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11 Personal, Local, and National Identities in Ghanaian Performance Ensembles

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pp. 170-183

Anyone who has visited Ghana in West Africa will probably have encountered music and dance in performance. The events generally appear happy and celebratory, with little sense of the occasion as a nexus for a range of decisions around cultural identity that may be embodied in the style of the event, choice of material, and response...

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12 Music Festivals in the Lapland Region

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pp. 184-196

The huge crowd that I am a part of has just made a big transition. From sitting quietly on the large green courtyard lawn, having a cheerful and cozy picnic, we are now jumping, dancing, and roaring wildly—twenty-five hundred people ranging in age from ten to seventy-five, behaving like mad teenage fans. While the previous “picnic-music...

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13 Shaping a Music Teacher Identity in Sweden

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pp. 197-209

All students in Swedish high schools are obliged, irrespective of which theoretical or vocational courses they undertake, to study an aesthetic subject. Students can typically choose between music, art, and drama. The course is approximately thirty hours, and the national curriculum only describes...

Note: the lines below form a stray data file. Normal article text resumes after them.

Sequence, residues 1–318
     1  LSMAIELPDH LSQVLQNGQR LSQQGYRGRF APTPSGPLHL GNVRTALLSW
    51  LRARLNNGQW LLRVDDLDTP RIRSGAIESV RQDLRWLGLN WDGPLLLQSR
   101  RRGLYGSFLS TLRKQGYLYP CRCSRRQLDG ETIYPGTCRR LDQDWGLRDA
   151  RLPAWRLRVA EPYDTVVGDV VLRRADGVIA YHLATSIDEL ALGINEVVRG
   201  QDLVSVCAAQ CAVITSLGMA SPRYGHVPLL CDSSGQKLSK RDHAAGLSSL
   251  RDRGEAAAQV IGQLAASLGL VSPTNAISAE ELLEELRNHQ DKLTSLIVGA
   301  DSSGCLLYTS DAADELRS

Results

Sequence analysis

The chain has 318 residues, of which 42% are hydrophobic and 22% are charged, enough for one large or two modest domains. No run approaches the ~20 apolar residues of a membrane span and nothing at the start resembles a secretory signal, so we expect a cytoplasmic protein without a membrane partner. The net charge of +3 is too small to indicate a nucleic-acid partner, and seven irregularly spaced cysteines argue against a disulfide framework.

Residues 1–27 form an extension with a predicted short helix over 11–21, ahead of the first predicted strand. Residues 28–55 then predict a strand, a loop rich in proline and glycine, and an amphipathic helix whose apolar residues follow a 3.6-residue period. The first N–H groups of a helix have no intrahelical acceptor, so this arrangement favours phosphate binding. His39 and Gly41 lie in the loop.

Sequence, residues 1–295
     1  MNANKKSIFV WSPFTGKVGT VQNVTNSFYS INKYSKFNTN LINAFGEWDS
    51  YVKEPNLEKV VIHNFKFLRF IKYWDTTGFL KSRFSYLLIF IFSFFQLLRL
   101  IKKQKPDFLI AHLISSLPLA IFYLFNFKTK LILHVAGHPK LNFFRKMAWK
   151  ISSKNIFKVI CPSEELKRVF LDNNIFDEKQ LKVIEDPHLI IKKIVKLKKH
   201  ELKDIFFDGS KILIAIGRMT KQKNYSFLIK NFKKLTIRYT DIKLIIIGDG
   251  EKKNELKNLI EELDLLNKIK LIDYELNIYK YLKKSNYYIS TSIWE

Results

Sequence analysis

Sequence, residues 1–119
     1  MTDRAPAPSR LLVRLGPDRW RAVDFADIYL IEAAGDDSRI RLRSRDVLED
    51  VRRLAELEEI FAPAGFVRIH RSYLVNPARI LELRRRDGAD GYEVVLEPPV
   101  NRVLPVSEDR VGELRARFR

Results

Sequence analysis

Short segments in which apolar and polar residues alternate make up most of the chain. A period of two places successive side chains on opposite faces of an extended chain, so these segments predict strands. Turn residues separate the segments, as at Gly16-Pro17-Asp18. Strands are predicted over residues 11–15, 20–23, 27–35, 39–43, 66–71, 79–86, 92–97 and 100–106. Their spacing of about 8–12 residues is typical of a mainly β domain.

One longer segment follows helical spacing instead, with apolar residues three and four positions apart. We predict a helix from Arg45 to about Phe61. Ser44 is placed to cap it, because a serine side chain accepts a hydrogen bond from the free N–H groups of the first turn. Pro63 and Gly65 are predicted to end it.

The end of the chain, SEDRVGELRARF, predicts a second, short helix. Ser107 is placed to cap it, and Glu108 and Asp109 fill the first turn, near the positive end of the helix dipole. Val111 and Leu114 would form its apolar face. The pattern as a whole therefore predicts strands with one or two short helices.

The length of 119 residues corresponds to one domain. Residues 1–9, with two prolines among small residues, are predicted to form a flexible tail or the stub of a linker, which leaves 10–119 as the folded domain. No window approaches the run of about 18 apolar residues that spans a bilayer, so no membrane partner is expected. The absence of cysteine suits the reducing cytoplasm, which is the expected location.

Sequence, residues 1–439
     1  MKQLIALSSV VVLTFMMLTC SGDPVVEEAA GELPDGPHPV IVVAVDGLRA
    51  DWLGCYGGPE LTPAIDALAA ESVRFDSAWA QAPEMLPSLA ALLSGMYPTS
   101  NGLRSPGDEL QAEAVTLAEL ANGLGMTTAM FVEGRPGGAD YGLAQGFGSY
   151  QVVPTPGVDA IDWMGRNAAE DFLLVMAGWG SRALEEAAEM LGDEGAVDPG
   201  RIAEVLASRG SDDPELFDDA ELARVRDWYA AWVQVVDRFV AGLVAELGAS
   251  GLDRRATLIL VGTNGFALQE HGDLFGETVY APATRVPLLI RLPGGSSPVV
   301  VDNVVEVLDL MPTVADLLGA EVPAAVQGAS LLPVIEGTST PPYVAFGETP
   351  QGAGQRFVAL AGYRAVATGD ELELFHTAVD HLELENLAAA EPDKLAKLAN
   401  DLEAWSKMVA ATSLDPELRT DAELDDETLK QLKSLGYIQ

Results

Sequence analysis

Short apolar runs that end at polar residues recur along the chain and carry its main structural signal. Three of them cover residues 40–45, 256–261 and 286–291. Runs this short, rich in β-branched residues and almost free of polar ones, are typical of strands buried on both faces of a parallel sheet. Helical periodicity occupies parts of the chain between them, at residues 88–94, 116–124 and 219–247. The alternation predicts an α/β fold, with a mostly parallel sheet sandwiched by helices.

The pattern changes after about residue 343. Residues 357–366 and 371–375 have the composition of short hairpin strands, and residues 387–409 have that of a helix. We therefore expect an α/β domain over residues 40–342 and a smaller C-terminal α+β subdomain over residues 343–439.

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14 Icelandic Men and Their Identity in Songs and in Singing

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pp. 210-226

There is a tendency to portray contemporary masculine identity as being in conflict with singing and song, especially in formal educational settings (Adler 2005; Harrison 2008). Even research on the benefits of singing in relation to health and well-being reports gender differences (Clift and Hancock 2001). For the Icelandic...

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15 Discovering and Affirming Musical Identity through Extracurricular Music-Making in English Secondary Schools

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pp. 227-238

For well over fifty years, a defining characteristic of English secondary school music education has been its extracurricular activities—those collective musical endeavors undertaken voluntarily, outside the school day, by students and staff with a particular enthusiasm for music. Historically, these have included orchestras, choirs...

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16 Scottish Traditional Music: Identity and the“Carrying Stream”

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pp. 239-251